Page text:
Wednesday was a day more tender than most. It was All Souls Day, the day we remember and pray for those we love who have departed this earthly world ahead of us, and in a special way, the Church remembers those who have left in the past year.
In Bismarck, my mother was getting ready to light a candle at a special Mass, where her mother would be honored. Hours earlier, I arrived at our high school chapel to take my seat among others in our school family who’d experienced loss this past year. At this 44th annual memorial Mass, both my grandmother and my husband’s grandmother — the last of our matriarchs — were among those named, honored and prayed for.
I knew it would be meaningful, but I underestimated the presence and power of my grief, which apparently was still freshly sitting in wait on the surface of my soul.
As one of the teachers read the first reading, from the Book of Wisdom, my emotions began pooling unexpectedly, rushing through my tear ducts. Quietly, they dripped down. Her voice revealed her own deep emotion as each word, so rich in meaning, poured forth with an unusual and fragile intensity.
“The souls of the just are in the hand of God,” she began, struggling, it seemed apparent, to distance herself from the profundity of the words, “and no torment shall touch them. They seemed, in the view of the foolish, to be dead; and their passing away was thought an affliction and their going forth from us, utter destruction. But they are in peace.”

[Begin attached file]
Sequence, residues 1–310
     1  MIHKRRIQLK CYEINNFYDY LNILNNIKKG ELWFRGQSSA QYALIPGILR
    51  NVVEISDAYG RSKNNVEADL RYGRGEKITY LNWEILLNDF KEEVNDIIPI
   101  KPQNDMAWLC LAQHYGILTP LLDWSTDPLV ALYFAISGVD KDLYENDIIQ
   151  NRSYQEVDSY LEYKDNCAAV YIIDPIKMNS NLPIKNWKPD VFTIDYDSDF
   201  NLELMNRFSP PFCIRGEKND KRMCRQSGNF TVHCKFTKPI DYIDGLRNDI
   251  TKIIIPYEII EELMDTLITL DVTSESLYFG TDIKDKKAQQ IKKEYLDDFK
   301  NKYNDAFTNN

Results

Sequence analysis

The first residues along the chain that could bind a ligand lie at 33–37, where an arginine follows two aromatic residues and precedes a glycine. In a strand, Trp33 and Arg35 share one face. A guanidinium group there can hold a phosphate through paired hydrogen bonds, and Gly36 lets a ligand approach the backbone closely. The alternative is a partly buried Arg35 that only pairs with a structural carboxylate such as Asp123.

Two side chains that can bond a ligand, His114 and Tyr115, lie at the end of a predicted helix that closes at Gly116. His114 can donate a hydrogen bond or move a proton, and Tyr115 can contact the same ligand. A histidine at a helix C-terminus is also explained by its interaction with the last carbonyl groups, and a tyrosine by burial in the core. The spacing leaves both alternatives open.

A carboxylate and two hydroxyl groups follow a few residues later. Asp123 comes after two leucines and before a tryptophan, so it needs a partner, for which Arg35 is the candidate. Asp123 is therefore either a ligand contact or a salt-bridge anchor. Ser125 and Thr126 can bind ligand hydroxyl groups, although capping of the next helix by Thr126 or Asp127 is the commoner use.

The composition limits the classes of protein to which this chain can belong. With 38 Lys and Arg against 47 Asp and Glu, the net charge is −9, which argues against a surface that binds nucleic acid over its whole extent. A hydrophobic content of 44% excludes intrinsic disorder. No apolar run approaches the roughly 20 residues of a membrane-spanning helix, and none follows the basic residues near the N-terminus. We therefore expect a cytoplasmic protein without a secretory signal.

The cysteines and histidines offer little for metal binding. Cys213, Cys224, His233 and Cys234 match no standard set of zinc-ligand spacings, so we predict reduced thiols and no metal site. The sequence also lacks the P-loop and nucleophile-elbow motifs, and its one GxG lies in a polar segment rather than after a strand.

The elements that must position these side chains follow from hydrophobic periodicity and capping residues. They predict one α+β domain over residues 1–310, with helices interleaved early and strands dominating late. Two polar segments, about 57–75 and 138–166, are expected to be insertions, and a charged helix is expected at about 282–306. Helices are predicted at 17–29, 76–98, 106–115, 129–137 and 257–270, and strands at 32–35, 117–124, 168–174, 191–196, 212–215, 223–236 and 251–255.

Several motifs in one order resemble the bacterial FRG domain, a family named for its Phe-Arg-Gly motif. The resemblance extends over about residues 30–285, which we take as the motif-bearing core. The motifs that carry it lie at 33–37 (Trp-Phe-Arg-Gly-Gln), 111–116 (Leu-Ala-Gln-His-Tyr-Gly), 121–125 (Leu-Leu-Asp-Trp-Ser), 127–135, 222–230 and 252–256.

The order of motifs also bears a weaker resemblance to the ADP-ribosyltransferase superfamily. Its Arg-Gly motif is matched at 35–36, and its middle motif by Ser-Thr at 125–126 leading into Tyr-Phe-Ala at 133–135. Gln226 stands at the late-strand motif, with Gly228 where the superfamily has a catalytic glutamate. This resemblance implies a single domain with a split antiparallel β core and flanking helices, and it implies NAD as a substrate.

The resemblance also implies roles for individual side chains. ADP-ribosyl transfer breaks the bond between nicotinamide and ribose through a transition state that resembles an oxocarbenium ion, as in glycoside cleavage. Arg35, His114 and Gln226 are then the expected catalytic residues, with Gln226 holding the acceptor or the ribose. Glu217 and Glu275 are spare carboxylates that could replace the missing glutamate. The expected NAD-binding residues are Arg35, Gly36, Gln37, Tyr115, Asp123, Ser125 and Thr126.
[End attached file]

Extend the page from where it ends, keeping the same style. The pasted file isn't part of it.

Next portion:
I doubt I was alone in feeling the mixture of both grief and joy she relayed as she continued over the Scriptures.
“In the time of their visitation they shall shine,” she continued, “and shall dart about as sparks through stubble…Those who trust in him shall understand truth, and the faithful shall abide with him in love; because grace and mercy are with his holy ones, and his care is with his elect.”
Later, as 200 candles were lit in honor of the 199 names that were read aloud plus one representing any who’d been missed, including one votive each for our sweet grandmothers, I watched the little lights flickering, “darting about as sparks through stubble.” I could imagine our dear ones dancing in the light with life.
The veil between this world and the next is so thin. And yet some ask, “Why pray for the dead? Isn’t it a moot point? The dead are already with the Lord.”
But to me, it makes so much sense. “The dead,” after all, are my father, my grandparents, my uncles and aunts, my friends, the baby we miscarried. The dead are not dead at all is turns out, but very much alive somewhere, “as sparks through stubble.” It would only seem appropriate to stop praying for these loved ones if life ended at earthly death. But we know this is not so, at least it’s not what we, as Christians, believe, through having witnessed the Resurrection of our Lord.
As Bishop John Folda proclaimed so beautifully during the homily, that day, “It is a sublime work of mercy to pray for the dead.” He added that it is also a time of preparation. “Our loved ones remind us to turn our faces to the Lord and strive to attain holiness.”